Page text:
We’ve put together a selection of Bakelite items available at Alfies.

Bakelite jewellery - bangles, brooches, dress clips etc, available from Gillian Horsup Vintage Jewellery

A selection of bakelite items at Paola & Iaia's stand

A selection of bakelite items at Paola & Iaia's stand

Art Deco bakelite table light, available from Thirteen Interiors
Pyramid 1929 Bakelite Telephone, available from Thirteen Interiors

Written by Titika Malkogeorgou

Thursday, 2 August 2018

The Royal Academy Show: Art Made and Exhibited Now

The Royal Academy is home to immense artistic activity and is steeped in history. The Great Spectacle and the Summer Exhibition are both on from 12 June to 19 August at the RA.

The 'Summer Exhibition' at the Royal Academy has exhibited every summer for the past two hundred and fifty years old. As the world has changed dramatically, so too has the art that makes it into the galleries of the Royal Academy for the Summer Exhibition. Paintings, sculpture, drawings and architectural designs by household names are displayed alongside work by first-time exhibitors. The Summer Exhibition is a high-profile platform for both established and lesser-known contemporary artists.

This year, Grayson Perry RA and his committee of fellow artists have handpicked over 1,300 artworks in an array of mediums. The exhibition extends across the RA's newly-expanded cultural campus, with prints on display in The Sackler Wing of Galleries and a “room of humour” in the new Ronald and Rita McAulay Gallery featuring David Shrigley and Martin Parr. The art extravaganza even spills out into the streets of London’s West End with an installation of over 200 flags designed by Royal Academicians.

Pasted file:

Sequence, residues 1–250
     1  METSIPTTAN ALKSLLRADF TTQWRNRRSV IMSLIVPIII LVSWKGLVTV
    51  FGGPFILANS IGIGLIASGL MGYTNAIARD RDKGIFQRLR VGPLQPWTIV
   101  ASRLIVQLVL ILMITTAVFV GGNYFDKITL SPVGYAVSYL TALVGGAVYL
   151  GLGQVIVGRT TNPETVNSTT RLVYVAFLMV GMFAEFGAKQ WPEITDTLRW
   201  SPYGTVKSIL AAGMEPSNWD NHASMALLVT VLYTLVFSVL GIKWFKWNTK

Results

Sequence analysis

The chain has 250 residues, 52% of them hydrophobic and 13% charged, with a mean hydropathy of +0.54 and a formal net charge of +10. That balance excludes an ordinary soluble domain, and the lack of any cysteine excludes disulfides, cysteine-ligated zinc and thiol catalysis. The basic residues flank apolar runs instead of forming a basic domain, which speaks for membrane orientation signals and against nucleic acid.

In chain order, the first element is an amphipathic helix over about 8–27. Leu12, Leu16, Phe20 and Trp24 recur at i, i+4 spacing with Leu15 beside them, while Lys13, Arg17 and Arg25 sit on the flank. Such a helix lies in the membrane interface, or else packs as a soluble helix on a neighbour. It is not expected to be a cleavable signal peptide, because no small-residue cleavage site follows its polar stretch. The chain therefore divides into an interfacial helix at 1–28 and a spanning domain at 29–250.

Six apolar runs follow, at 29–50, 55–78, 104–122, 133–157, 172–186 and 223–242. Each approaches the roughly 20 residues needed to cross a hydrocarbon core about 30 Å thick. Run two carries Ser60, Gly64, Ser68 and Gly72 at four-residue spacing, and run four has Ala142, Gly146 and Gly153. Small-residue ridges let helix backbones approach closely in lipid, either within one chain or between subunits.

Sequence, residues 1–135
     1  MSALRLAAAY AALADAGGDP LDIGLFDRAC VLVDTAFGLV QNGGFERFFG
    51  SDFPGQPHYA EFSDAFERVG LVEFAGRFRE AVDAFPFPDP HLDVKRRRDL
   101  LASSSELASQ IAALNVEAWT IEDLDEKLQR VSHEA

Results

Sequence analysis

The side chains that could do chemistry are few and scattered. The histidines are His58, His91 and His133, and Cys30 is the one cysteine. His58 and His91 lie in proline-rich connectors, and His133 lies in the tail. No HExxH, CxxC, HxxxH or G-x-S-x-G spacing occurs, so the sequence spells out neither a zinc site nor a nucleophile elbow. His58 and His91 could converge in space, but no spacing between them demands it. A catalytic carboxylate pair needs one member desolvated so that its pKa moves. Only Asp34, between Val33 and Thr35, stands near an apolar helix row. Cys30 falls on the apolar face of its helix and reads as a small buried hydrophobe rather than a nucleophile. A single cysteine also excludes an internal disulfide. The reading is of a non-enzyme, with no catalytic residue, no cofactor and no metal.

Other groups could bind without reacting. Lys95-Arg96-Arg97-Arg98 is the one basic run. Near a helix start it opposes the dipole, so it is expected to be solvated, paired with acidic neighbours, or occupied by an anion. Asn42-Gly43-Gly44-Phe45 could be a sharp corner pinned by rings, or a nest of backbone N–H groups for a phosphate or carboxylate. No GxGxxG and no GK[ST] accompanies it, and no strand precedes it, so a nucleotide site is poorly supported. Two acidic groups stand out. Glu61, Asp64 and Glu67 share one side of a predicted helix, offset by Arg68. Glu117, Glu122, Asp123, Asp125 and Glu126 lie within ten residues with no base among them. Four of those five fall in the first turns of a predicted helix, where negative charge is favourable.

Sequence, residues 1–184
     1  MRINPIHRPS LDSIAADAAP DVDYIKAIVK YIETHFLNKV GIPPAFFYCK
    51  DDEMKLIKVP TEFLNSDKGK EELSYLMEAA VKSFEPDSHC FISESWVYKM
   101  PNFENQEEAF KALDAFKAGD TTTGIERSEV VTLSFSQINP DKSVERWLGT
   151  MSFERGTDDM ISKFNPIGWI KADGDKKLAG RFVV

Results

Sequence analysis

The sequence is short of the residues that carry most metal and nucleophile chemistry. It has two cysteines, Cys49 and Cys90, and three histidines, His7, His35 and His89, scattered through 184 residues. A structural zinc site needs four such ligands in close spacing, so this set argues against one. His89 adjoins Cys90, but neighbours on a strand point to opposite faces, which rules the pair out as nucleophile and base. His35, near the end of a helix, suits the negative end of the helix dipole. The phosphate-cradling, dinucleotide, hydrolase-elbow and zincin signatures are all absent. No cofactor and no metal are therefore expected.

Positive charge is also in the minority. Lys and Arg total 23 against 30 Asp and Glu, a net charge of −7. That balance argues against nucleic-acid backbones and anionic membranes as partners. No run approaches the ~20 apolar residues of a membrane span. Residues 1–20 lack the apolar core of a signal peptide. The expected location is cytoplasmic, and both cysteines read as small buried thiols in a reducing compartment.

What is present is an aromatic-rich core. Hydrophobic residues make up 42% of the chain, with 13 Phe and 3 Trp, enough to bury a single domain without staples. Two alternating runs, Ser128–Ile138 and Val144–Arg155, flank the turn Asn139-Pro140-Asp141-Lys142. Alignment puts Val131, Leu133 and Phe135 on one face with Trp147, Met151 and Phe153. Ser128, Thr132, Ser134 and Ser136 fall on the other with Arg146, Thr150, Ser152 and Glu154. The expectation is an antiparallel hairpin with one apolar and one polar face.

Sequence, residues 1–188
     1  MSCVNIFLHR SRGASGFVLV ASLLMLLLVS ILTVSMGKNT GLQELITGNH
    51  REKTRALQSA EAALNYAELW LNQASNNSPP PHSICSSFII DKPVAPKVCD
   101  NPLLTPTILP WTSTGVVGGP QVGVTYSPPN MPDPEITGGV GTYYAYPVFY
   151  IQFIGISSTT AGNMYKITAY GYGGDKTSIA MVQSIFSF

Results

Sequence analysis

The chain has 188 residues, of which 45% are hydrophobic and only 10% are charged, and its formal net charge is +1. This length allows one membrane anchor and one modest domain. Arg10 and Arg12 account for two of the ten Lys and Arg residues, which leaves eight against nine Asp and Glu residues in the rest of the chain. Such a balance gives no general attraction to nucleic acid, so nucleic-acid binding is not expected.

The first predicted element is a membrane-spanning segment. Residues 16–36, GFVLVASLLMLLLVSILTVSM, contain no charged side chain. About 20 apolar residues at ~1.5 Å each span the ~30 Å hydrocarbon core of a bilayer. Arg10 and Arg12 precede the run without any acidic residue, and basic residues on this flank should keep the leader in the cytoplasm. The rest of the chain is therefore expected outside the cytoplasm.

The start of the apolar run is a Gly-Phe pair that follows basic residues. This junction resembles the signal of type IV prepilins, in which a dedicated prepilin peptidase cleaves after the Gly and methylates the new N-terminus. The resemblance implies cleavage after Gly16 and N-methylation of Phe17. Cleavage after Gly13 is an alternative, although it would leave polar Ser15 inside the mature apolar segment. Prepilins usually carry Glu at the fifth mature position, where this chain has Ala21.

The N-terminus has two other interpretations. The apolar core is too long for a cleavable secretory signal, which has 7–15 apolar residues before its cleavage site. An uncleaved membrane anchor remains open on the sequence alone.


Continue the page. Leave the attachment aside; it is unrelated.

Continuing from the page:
The Great Spectacle is staged to coincide with the Summer Exhibition of 2018 and is a survey of its history. The exhibition will remember important moments and celebrated figures in the Royal Academy's history. Graduates and teachers, Sir John Soane and J. M. W. Turner:  influential painters, Constable and Stubbs: friendly rivals,  Gainsborough and Reynolds: and unique pieces donated by collectors such as Taddeo Tondo, a marble relief by Michelangelo.

The RA Summer Exhibition and Great Spectacle allows us to retrace our artistic roots and through an array of mediums in an ever-changing art world. We don’t know what the future of art is but we can find a slice of art heritage in our galleries.

In celebration of the summer season at the Royal Academy, we've rounded up a selection of contemporary art available here at Alfies.

Wooden sculpture, c1960s, signed. Available from Robinson Antiques

Nike of Samothrace bronze sculpture, c1960s, available from Cupio Gallery

Large sculptural bronze vase, signed Nuro. 1980s. Available from The Moderns

Contemporary painting. Available from Thomas Fine Art  

Titled The Four Grey Ladies, 1982 water colour and gouache painting by R P Lister. Available from John Cserny Fine Arts

The Great Spectacle and the Summer Exhibition are both on from 12 June to 19 August at the RA.

Written by Titika Malkogeorgou